Sana Loue explores the concepts of legal and epidemiological causation, the use of epidemiological data based on populations to determine causation in an individual case, and the use of epidemiological evidence in litigation, including the reliance on experts and expert witnesses.
Loue provides a guide for the attorney with little or no background in epidemiological theory and for the epidemiologist contemplating a new role as an expert witness. She assumes of her readers a working knowledge of the Federal Rules of Civil Procedure and the Federal Rules of Evidence.
Discussing the epidemiologist as expert witness, Loue covers the nature of that testimony, the purpose of the testimony, and the qualifications necessary to be regarded as an expert witness. She examines various legal theories of causation, primarily in the context of product liability and toxic tort, and addresses epidemiological principles and methods used in the process of causal inference.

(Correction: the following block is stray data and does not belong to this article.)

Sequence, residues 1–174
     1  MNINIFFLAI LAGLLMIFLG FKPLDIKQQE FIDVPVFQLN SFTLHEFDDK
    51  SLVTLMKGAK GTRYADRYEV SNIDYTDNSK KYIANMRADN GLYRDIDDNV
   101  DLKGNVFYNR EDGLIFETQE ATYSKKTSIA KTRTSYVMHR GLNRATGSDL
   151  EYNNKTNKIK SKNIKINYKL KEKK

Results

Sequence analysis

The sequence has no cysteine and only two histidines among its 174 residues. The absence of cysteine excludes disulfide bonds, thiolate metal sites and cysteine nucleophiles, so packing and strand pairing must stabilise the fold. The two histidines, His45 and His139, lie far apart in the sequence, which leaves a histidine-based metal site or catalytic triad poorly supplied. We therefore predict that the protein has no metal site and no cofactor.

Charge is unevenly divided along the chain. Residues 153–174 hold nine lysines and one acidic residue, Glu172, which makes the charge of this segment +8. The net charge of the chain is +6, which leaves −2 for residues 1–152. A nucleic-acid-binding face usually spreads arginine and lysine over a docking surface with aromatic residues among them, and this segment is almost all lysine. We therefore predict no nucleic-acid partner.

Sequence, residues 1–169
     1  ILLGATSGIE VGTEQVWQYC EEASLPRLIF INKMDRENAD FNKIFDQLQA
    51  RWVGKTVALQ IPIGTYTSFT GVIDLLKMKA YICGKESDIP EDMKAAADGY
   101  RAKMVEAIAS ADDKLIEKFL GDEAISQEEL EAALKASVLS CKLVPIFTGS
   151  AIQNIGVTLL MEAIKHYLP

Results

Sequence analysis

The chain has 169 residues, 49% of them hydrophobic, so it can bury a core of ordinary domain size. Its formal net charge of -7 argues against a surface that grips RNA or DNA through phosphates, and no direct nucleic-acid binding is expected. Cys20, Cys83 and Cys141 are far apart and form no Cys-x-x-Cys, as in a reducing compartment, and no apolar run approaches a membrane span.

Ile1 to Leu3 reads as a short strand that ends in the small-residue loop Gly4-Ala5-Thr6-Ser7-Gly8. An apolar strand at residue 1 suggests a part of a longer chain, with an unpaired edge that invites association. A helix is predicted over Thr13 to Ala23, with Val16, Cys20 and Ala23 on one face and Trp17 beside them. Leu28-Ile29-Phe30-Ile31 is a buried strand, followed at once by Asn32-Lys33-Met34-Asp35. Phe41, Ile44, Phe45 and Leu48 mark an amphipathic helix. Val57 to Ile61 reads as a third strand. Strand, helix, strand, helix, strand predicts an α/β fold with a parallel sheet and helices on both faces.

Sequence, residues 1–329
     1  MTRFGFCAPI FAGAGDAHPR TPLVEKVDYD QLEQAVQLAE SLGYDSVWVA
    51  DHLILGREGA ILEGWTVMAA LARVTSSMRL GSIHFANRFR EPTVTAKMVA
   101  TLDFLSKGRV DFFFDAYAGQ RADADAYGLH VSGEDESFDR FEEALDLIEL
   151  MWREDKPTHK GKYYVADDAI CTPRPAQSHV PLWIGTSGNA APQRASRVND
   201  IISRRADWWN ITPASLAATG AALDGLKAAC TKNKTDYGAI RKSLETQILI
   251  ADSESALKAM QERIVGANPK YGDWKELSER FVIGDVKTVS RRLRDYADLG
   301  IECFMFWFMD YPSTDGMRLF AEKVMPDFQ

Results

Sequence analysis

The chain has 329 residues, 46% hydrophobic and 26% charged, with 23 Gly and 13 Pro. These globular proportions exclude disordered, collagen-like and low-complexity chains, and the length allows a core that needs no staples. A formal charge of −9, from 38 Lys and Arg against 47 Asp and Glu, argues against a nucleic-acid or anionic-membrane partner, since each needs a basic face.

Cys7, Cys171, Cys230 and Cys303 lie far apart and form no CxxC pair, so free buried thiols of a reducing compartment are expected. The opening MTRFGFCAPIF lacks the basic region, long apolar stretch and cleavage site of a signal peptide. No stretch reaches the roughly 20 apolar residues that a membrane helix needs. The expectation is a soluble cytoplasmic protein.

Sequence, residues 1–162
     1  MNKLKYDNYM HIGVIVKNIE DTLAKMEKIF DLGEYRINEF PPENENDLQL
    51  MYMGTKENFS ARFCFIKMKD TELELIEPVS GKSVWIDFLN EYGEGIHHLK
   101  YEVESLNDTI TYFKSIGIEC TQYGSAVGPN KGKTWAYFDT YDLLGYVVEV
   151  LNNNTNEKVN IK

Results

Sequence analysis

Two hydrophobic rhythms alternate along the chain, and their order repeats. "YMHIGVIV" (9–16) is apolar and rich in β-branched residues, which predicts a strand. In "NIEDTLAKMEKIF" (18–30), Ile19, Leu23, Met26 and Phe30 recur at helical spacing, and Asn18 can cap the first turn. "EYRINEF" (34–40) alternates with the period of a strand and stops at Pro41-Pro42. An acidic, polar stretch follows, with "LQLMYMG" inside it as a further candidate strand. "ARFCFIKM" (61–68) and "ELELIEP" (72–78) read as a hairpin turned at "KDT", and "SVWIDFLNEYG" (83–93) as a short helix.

Loue also focuses on legal mechanisms used to assess causation. Her concern here is with depositions and testimony and the preparation of epidemiology experts. She concludes her study by comparing the legal and epidemiological concepts of causation, using actual legal cases as examples.
Throughout the text, Loue incorporates excerpts from depositions, interrogatories, and trial testimony to provide concrete examples. She also sets up an appendix to provide nonattorney readers with an overview of the legal system. Ultimately, her goal is to foster a greater understanding between law and epidemiology.